Amaryllis After Flowering Care Tips

 

 

Large, red, tubular flowers and long, green leaves on amaryllis plant

Amaryllis after flowering care tips are very specific; and if you follow these tips your plant should flower year after year for quite some time.

1. Cut the old flowers from the stem when they fade.

2. When the stem starts to sag, cut it back to the top of the bulb.

3. Continue to water and fertilize all summer or at least 5-6 months.

4. Allow the leaves to fully develop and grow. The leaves nourish the bulb and help it produce large flowers next year.

5. When the leaves begin to yellow, usually in the early fall, cut the plant back to about 2” from the top of the bulb

6. Now is the time to remove the bulb from the soil.

7. Clean the bulb and place it in a cool dark place (40-50 degrees) for a minimum  of six weeks. The refrigerator will work only if it does not contain apples. Apples will sterilize the bulbs and they’ll never produce another flower.

8. After six weeks replant the bulbs. Plant the bulbs about eight weeks before you want them to bloom for the holidays.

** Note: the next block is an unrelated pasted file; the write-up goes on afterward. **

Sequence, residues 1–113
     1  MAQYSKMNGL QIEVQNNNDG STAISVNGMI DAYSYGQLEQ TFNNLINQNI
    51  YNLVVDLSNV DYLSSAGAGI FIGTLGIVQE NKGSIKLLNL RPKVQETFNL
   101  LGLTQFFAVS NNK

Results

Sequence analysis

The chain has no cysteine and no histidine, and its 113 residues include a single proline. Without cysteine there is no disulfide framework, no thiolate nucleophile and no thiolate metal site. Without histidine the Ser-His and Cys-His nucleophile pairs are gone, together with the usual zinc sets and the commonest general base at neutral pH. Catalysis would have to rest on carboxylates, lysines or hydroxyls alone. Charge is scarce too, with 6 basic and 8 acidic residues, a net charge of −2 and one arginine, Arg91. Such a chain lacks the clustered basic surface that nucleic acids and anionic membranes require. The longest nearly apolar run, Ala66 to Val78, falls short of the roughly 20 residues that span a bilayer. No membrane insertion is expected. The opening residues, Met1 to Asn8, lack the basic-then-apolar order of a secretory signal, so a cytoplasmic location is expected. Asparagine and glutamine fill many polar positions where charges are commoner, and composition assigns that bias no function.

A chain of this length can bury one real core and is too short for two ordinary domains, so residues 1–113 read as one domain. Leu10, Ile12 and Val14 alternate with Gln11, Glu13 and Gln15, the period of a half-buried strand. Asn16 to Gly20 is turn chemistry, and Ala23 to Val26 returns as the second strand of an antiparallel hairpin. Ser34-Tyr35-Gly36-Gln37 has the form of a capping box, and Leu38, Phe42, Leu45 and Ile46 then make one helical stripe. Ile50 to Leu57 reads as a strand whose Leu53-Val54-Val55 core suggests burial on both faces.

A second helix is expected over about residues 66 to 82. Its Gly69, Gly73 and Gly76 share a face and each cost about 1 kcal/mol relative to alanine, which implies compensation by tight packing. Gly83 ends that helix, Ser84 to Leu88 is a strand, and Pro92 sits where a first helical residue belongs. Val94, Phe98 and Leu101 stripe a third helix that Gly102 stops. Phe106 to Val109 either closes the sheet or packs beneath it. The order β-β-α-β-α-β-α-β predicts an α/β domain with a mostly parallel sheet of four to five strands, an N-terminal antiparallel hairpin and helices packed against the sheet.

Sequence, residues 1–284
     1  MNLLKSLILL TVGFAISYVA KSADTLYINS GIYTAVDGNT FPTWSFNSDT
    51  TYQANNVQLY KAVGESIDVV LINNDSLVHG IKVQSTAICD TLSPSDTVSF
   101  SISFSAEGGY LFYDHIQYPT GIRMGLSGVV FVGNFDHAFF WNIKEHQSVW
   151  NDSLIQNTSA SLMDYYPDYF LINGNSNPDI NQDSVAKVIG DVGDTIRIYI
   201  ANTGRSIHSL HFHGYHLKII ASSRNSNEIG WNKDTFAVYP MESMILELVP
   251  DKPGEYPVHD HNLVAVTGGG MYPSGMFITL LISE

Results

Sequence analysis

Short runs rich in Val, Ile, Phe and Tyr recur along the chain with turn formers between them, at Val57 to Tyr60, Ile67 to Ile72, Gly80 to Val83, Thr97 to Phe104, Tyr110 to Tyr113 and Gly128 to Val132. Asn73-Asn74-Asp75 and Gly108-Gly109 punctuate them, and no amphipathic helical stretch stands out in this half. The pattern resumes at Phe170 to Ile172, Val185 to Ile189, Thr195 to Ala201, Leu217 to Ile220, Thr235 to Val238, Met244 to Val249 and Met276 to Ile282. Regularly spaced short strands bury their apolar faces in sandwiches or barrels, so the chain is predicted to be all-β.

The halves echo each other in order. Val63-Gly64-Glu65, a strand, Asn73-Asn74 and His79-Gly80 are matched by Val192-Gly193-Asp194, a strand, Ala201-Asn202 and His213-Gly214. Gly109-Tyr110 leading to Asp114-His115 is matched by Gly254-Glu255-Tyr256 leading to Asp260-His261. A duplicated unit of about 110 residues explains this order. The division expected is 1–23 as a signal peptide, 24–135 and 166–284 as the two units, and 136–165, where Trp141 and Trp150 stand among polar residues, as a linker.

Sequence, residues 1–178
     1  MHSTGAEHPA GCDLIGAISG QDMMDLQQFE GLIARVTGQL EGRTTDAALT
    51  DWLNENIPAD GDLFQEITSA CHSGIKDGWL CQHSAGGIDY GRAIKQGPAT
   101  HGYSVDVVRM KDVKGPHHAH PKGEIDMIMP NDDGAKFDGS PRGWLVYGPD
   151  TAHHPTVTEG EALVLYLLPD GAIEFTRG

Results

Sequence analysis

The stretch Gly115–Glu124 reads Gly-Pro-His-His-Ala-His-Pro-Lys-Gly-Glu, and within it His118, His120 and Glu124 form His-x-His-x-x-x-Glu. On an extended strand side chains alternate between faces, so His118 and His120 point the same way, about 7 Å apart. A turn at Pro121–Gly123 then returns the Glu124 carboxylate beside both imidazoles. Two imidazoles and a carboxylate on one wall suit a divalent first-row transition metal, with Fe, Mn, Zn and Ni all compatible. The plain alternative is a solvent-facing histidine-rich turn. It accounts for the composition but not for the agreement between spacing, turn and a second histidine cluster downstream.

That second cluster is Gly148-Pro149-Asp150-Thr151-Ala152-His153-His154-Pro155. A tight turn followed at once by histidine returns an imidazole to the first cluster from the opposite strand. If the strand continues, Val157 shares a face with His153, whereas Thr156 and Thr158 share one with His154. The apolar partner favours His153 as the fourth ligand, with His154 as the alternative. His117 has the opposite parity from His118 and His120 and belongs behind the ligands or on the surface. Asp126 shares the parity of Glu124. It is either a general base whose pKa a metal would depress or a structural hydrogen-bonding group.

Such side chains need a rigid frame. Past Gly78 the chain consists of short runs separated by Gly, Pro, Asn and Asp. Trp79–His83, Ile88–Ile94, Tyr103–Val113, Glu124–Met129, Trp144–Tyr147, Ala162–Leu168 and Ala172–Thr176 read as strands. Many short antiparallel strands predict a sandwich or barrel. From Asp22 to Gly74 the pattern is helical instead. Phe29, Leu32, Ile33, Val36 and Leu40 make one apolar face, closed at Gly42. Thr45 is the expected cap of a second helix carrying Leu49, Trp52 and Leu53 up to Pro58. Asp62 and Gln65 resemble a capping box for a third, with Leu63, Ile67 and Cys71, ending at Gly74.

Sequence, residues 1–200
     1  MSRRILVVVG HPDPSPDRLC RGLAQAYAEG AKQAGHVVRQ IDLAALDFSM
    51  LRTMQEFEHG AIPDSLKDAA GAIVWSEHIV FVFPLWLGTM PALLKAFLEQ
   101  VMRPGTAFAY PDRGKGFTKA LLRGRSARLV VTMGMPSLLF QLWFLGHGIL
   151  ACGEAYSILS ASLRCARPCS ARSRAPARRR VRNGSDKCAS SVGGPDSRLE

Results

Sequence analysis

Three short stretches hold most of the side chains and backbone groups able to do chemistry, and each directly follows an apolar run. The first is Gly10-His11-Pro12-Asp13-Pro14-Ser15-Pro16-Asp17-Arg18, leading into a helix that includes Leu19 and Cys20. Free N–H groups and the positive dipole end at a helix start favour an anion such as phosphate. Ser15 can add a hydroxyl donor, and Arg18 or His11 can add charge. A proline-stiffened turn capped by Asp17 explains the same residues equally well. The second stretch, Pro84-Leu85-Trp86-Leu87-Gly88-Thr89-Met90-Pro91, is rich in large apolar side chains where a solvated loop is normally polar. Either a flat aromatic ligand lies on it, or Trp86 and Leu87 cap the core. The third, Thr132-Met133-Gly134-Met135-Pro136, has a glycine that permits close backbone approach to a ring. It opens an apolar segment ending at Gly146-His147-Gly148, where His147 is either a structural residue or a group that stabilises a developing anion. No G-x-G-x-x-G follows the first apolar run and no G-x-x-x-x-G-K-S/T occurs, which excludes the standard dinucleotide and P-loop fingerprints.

Amaryllis are poisonousPlants are a great addition to homes and offices, but it’s important to know whether your plants are dangerous to children, pets, or even adults. Some plants contain chemicals such as oxalates, solanine, glycosides, or alkaloid lycorine that may cause vomiting, nausea, diarrhea, swelling and redness of the mouth, throat, and lips, and trouble breathing. Touching parts of certain plants, especially the sap, may cause various skin irritations. The weight and age of the human or pet involved, and the part and amount of plant eaten determine how severe the reaction to the toxins will be. Although plants may be listed as non-toxic, they can still cause individual allergic reactions. If there is any question after a houseplant has been ingested or touched, immediately call the Poison Control Center 1-800-222-1222.  More poisonous houseplant information and pictures of common plants that are dangerous to children and pets can be found in my book Don’t Feed Me to Your Cat: A Guide to Poisonous Houseplants plants and should be kept away from pets and small children, Read more about poisonousPlants are a great addition to homes and offices, but it’s important to know whether your plants are dangerous to children, pets, or even adults. Some plants contain chemicals such as oxalates, solanine, glycosides, or alkaloid lycorine that may cause vomiting, nausea, diarrhea, swelling and redness of the mouth, throat, and lips, and trouble breathing. Touching parts of certain plants, especially the sap, may cause various skin irritations. The weight and age of the human or pet involved, and the part and amount of plant eaten determine how severe the reaction to the toxins will be. Although plants may be listed as non-toxic, they can still cause individual allergic reactions. If there is any question after a houseplant has been ingested or touched, immediately call the Poison Control Center 1-800-222-1222.  More poisonous houseplant information and pictures of common plants that are dangerous to children and pets can be found in my book Don’t Feed Me to Your Cat: A Guide to Poisonous Houseplants plants in Don’t Feed me to Your Cat-A Guide to poisonous houseplantsIn her new book, Don’t Feed Me to Your Cat!, plant care professional Judy Feldstein shares information about twenty-five common houseplants, each with various levels of toxicity, and the possible consequences if your pet or child snacks on them.